US (Finally) Opens The Doors To Canada, Mexico


Peace Arch (Image: Wikimedia)

The United States will, in November, reopen its borders to Canada and Mexico to fully vaccinated visitors traveling by land or ferry, ending a closure that began in March of 2020. Unvaccinated travelers will still be barred.

The news comes as vast relief to border communities dependent on visitors from north of the 49th Parallel, particularly cut-off Point Roberts. The Biden administration also announced that beginning in January it will require essential workers crossing the border (e.g. truck drivers, students and health care workers) be fully vaccinated. Essential workers have been allowed to cross during the shutdown but have not been required to be vaccinated.

Washington should not worry about visitors coming from the Great White North. As of Tuesday, 88.8 percent of British Columbians over the age of 12 have received at least one shot, with 82.6 percent fully vaccinated. The vaccination figures for eligible adults are 89.3 percent and 83.3 percent. The province has administered 7,978,015 doses of COVID-19 vaccine since last December.

“With the third busiest crossing on the Canadian border, the state of Washington’s economy suffers when Canadians are unable to travel to the United States,” said Sen. Maria Cantwell. “This announcement will provide great relief to those waiting to so see friends and loved ones and to businesses in Point Roberts and other northern cities and towns hurting due to the decline in Canadian tourism.

The reopening will allow resumption of famous and infamous border rituals.  The tiny hamlet of Hyder, Alaska, sits next to Stewart, British Columbia. A tradition is for visitors to walk over from B.C. to the Glacier Inn and try to hold down a shot of 150 proof everclear alcohol. It’s called being “Hyderized” with those who can’t hold it down buying a round for the house.

Canada reopened its land and sea borders to vaccinated Americans on August 9th. In March of last year, the British Columbia government was among the first to press for closure of the border, alarmed that seven of the first 10 confirmed COVID-19 deaths were in Washington. Mexico has not closed its northern border during the pandemic.

Rep. Suzan DelBene, D-Wash., who represents towns near and along the border in Whatcom County,  said in a statement: “For 19 long months, our border communities have lived in a state of hardship and frustration, waiting month-to-month for news that the northern border will reopen and they could begin moving past this crisis. In that time, families have moved elsewhere, businesses have closed, and some communities are unrecognizable from where they started during this crisis.”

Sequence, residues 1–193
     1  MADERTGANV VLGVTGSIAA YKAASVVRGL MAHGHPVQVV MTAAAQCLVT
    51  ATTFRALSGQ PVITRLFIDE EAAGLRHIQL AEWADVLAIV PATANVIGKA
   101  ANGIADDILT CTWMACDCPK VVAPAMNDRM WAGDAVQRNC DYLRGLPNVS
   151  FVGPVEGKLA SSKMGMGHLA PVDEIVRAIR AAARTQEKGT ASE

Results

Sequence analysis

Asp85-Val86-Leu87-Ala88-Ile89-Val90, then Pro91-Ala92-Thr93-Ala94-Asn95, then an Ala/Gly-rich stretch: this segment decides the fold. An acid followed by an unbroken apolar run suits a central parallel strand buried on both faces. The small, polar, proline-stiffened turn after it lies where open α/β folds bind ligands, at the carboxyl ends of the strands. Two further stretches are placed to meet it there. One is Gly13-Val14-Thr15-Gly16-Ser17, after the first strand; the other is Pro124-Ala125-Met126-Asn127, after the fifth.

“The administration’s policy now follows the science,” DelBene added.

In his official announcement, U.S. Secretary of Homeland Security Alejandro Mayorkas said the U.S. “will begin allowing travelers from Mexico and Canada who are fully vaccinated for COVID-19 to enter the United States for non-essential purposes, including to visit friends and family or for tourism via land and water crossings.”

He did not give a date in November. Still, the reopenings are particular good news for “snowbirds,” Canadians who spend winters in Florida and other Southern states, and for those who head further south to such destinations as Baja. Even Canada’s gang conflicts have moved to Florida and Mexico for the winter. Canada had a difficult time getting snowbirds home after the border closure went into effect last year.

During the border closure, many separated families have staged meetups, talking across the border at the Peace Arch Park in Blaine and at 0 Avenue in Douglas, B.C.

The border closure was not the only restriction experienced by British Columbians. During the worst of the outbreak earlier this year, when as many as 1,000 new cases were reported each day, nonessential travel was briefly restricted by zones within the province. Vancouver Island was one zone, the Lower Mainland another, and interior British Columbia a third.

British Columbia has won plaudits for its handling of COVID-19, particularly with its daily, lay-it-out briefings by B.C. Health Officer Dr. Bonnie Henry and Health Minister Adrian Dix. The pandemic has hit much harder in more laissez-faire Alberta.  It has been treated as serious business in B.C. I sent a message last year to Dix, an old acquaintance, wondering whether an “essential” classification was possible to view and review an exhibit of paintings by renowned Canadian artist Emily Carr at the Royal B.C. Museum in Victoria.  Dix fired back with the offer of a book on the exhibit.

Joel Connelly
Joel Connelly
I worked for Seattle Post-Intelligencer from 1973 until it ceased print publication in 2009, and from 2009 to 6/30/2020. During that time, I wrote about 9 presidential races, 11 Canadian and British Columbia elections‎, four doomed WPPSS nuclear plants, six Washington wilderness battles, creation of two national Monuments (Hanford Reach and San Juan Islands), a 104 million acre Alaska Lands Act, plus the Columbia Gorge National Scenic Area.


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